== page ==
This post is an excerpt from the Parental Supervision Techniques from an Officer breakout session at the Digital Citizenship Conference in Los Angeles led by Clay Cranford, Sergeant for the Orange County Sheriff Department. The conference was a rich environment for educators, law enforcement officers and parents to openly discuss issues and solutions for helping students shine in the digital world. All of the content from the Digital Citizenship Conference is available as a Virtual Replay Ticket.
Many parents have no knowledge of the social platforms that their kids are using. So, most of the time kids do not feel safe going to their parents for help and it stems from a very specific fear of getting in trouble and losing everything — all of their devices. Our knee-jerk reaction as a parent is to get rid of anything that is hurting our child, but our kids rank the Internet right up there with food, water, and shelter as necessities in their life.
Discuss social media
It’s possible for your child to use a friend’s phone to access Instagram and other social media apps. I see it all the time. It is important for you to have a conversation with your child about social media regardless of whether or not you have given them a device.
Understand the consequences of social media threats
Parents need to be aware of how their children handle situations as well as talk to them about the consequences of using social media
Another big issue is threats. I had a situation where a freshman high school student said something inappropriate in class, he was suspended and sent home (it was not the first time he had had this type of behavior), he found a teacher’s Instagram photo and put it on his page saying that this was the teacher who sent him home. He didn’t stop there. He then talked about how he wanted to harm her and this is considered a criminal threat by the state of California. He had no intention of hurting this teacher, he was angry, and in his mind, this was the only way that he could handle this situation. Consequently, I had to write a crime report and then this school expelled him for this behavior. These types of choices have a catastrophic impact on kids and parents need to be aware of how their children handle situations as well as talk to them about the consequences of using social media to express frustration.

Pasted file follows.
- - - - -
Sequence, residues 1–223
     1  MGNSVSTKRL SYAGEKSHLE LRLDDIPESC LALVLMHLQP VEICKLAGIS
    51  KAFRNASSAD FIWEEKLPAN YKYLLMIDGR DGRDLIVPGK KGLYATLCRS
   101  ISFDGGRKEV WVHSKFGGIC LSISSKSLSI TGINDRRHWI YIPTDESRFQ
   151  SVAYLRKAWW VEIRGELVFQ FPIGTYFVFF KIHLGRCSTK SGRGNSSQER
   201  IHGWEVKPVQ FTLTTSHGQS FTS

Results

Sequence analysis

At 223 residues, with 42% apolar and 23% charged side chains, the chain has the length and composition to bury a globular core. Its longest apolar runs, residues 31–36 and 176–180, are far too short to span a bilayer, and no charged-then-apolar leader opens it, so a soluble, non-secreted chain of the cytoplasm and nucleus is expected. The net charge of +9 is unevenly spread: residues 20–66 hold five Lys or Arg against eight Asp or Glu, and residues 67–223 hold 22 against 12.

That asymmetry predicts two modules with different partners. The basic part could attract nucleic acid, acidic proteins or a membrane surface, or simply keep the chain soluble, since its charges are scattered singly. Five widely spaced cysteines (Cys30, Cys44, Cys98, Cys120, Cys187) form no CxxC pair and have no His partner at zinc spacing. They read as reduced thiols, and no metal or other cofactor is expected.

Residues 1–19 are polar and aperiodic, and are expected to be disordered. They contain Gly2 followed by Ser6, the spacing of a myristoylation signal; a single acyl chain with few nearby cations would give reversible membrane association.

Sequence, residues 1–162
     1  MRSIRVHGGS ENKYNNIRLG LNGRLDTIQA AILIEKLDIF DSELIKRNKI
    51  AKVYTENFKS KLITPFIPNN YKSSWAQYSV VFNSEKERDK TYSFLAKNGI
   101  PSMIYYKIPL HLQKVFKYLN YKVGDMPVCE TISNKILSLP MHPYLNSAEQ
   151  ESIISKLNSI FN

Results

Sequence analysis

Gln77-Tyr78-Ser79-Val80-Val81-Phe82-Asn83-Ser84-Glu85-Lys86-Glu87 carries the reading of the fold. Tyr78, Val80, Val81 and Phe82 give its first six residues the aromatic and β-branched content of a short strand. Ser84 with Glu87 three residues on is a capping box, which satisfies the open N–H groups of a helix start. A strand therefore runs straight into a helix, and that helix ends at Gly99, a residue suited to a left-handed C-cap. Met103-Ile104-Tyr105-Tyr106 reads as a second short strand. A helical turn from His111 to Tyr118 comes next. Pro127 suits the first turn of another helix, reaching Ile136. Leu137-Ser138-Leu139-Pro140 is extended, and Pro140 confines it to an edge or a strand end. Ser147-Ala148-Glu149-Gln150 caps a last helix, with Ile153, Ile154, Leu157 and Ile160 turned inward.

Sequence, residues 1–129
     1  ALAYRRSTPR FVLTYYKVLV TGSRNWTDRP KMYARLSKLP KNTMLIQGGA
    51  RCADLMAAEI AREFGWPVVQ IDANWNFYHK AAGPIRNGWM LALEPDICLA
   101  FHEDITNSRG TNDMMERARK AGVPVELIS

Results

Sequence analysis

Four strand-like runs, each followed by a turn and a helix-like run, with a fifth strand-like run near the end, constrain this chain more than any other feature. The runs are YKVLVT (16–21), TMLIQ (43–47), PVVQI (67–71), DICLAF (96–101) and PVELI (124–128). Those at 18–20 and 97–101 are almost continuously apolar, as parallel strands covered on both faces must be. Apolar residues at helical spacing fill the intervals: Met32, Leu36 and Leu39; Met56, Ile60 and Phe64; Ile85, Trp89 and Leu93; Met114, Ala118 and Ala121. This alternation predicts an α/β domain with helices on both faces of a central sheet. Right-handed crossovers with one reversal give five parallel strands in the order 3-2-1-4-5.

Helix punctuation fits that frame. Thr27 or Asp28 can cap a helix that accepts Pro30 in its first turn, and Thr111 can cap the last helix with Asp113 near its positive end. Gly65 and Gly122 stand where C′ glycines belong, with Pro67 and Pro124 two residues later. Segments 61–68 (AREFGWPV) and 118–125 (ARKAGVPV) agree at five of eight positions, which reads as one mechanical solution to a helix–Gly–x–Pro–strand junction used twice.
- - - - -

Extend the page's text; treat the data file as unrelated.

Give support and have family dinners
The more family dinners that a family has each week, the more impact that it has on decreasing mental health issues.
The number one safety factor for kids is to have parents that talk to them. Parents need to supply love and support to their children or kids will look for it elsewhere. It’s a basic, essential need. One way that parents can do this is by having regular family dinners. The Pediatric Journal of the American Medical Association found that the more family dinners that a family has each week, the more impact that it has on decreasing mental health issues. A family dinner was qualified as the family coming together to eat without screens, make eye contact, and talk to one another. This is an opportunity for parents to impart wisdom and coping methods to their kids.
If your child is under 13 and they want social media, the answer should be no. Their brains are not fully developed until later in life, but that development does not start until age 13. Furthermore, social media apps ask for all users to be 13 and you do not want to teach your child that lying is okay.
These are a few of the rules that I require my kids to follow in order to use social media and I have these contracts available on my site:
- I will not give my name, address, telephone number, school name, or parent’s name to anyone I meet on the computer
- I must tell my mom or dad all my social network usernames and passwords. They have access to all of my files and can see anything on my device at any time.
- I will promote something, a charity or cause, on my social network as a condition of having a social network
- If I make a mistake or see something inappropriate, I will tell my parents as soon as possible
Then I ask my kids follow-up questions. Why do you think this is a good idea? Have you ever heard of anyone doing this before?
This one also establishes the expectation of privacy, which is zero.
My son recently got an Instagram account and we had him pick something that he cared about. We recently noticed that the organization he followed was having a 5K nearby and my son not only ran the 5K so now we are posting pictures of him at the event on his Instagram, but he also got his friends to run with them. This is a great way to get your kids involved in positive things.
Tell your kids that you expect that they will make mistakes. Tell your kids that if they make a mistake and they come to you first, right away, you will set aside the discipline and help them with the problem. However, if I find out later that you had an opportunity to tell me and you didn’t tell me then the consequences set in.